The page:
as requiring children to touch a relevant image improved 2- to 3-year old children’s word
learning compared to touching anywhere on the screen or passive interaction with the screen
(Kirkorian, Choi, & Pempek, 2016). Conversely, it has been reported that children with low self-
control are prone to excessive tapping of touchscreens, which may lead to more arbitrary
tapping, frustration, and less learning (Troseth, Russo, & Strouse, 2016). One of the goals of this
study was to design a paradigm in which an e-book responds contingently to children’s
vocalizations, reducing the need for tactile responsivity from children.
Other studies show that when comparing language exposure through contingent
interactions with a person, children demonstrate quantifiably smaller amounts of learning from
CONTINGENT RESPONSIVITY IN E-BOOKS 7
exposure to the same material presented noncontingently through digital media (Dore et al.,
2018; Roseberry et al., 2014). Research on children’s verbal behaviors during shared book
reading have found that children’s repetition of parents’ vocalizations is uniquely and positively
related to children’s overall story retelling abilities (Kang, Kim, & Pan, 2009); yet, little is
known about whether children receiving a contingent response from an e-book upon repeating
the text would have similar benefits on children’s story recall. There is evidence that contingent
responsivity in adult-child interactions produce large gains in learning outcomes and contingent
responsivity in e-book interactions are capable of improving vocabulary knowledge and
phonemic awareness in young children. It is unknown whether contingent responsivity in a
digital book could provide similar support for children’s ability to recall, retell, and describe key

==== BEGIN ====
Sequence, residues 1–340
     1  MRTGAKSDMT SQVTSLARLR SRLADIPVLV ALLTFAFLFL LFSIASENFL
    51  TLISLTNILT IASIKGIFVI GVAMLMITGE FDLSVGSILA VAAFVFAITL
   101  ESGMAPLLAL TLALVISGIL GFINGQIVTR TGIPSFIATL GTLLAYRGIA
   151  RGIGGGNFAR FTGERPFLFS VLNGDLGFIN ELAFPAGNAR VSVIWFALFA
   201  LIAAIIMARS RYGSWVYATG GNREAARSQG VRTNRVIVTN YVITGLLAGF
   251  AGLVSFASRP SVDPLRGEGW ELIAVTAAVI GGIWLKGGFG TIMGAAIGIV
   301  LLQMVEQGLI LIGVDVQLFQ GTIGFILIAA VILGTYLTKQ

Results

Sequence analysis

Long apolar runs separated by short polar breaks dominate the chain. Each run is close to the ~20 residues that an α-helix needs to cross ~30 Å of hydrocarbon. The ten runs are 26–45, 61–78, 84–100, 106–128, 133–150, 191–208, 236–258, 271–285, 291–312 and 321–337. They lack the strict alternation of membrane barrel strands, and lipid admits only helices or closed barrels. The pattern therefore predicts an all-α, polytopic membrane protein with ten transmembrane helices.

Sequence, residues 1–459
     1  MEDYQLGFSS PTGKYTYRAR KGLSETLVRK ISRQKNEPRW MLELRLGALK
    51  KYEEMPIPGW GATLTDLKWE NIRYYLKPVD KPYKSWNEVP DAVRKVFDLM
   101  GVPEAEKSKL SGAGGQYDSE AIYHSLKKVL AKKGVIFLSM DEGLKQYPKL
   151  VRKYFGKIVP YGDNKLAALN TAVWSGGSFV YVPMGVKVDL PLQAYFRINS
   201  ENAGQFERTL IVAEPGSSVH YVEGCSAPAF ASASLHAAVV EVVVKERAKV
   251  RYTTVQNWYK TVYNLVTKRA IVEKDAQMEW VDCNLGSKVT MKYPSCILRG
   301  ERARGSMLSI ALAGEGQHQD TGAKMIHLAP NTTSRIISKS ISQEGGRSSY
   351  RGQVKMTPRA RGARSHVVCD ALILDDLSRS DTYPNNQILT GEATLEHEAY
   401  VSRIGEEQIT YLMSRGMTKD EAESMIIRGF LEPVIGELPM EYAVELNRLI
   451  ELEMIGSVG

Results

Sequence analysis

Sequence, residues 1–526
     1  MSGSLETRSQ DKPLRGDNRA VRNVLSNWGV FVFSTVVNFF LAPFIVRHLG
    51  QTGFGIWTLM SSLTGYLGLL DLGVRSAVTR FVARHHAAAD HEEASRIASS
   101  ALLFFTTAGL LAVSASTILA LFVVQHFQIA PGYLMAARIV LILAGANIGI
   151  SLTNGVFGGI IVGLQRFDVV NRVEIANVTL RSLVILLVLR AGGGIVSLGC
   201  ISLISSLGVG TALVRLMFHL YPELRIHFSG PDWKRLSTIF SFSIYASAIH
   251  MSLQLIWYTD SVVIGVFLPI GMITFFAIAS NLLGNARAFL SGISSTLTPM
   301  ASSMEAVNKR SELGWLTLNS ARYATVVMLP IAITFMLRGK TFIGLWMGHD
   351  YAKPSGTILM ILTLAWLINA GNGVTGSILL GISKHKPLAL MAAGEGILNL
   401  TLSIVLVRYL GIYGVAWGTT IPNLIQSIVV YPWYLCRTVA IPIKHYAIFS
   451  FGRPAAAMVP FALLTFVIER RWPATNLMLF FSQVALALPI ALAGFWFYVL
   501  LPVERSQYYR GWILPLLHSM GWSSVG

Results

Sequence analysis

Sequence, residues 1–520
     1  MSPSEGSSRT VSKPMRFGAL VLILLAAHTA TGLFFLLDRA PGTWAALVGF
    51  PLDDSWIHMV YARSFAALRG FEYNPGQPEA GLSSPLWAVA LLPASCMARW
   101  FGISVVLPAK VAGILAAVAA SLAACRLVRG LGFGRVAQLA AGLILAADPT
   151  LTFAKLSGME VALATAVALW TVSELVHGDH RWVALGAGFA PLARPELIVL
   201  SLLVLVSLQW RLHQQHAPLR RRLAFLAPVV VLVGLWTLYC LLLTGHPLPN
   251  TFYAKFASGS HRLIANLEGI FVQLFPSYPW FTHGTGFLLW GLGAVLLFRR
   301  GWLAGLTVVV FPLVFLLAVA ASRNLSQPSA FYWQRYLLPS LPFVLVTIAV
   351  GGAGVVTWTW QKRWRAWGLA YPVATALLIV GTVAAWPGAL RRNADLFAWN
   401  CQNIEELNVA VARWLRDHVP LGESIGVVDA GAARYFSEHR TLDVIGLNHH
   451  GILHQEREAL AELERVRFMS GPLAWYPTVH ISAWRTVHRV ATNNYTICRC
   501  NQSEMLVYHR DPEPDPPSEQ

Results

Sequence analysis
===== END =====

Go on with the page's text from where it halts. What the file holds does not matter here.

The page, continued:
story events.
The current experiments examined whether a digital book that responds contingently to
child vocalizations (contingent book) would increase story recall and engagement compared to
three noncontingent control conditions. Children were read two commercially available stories
marketed for prekindergarten children matched in age-appropriate content, length, and
readability. In Experiment 1, we investigated the effects of a contingent book on children’s story
recall and engagement compared to a noncontingent board book control. Second, we examined
whether the contingent book might be especially useful for children with less developed attention
regulation. In Experiment 2, we replicated Experiment 1 with a noncontingent digital book so
children were presented with both stories on a digital platform to be certain that the effects found
in Experiment 1 were not due to the novel effect of technology. In Experiment 3, we replicated
Experiments 1 and 2 with a noncontingent animated book to ensure that the effects found in the
first two experiments were not solely driven by the illumination and movement from animations.
CONTINGENT RESPONSIVITY IN E-BOOKS 8
Participants’ engagement to each presentation was assessed by coding eye gaze duration towards
each book condition, and children were asked questions about each narrative to assess story
recall. Independent assessments of attention regulation and verbal ability were also administered.
Based on previous work on contingent responsivity in adult-child interactions increasing
children’s learning and engagement, we hypothesized that the contingent book would increase
children’s story recall and looking duration towards the book during the reading session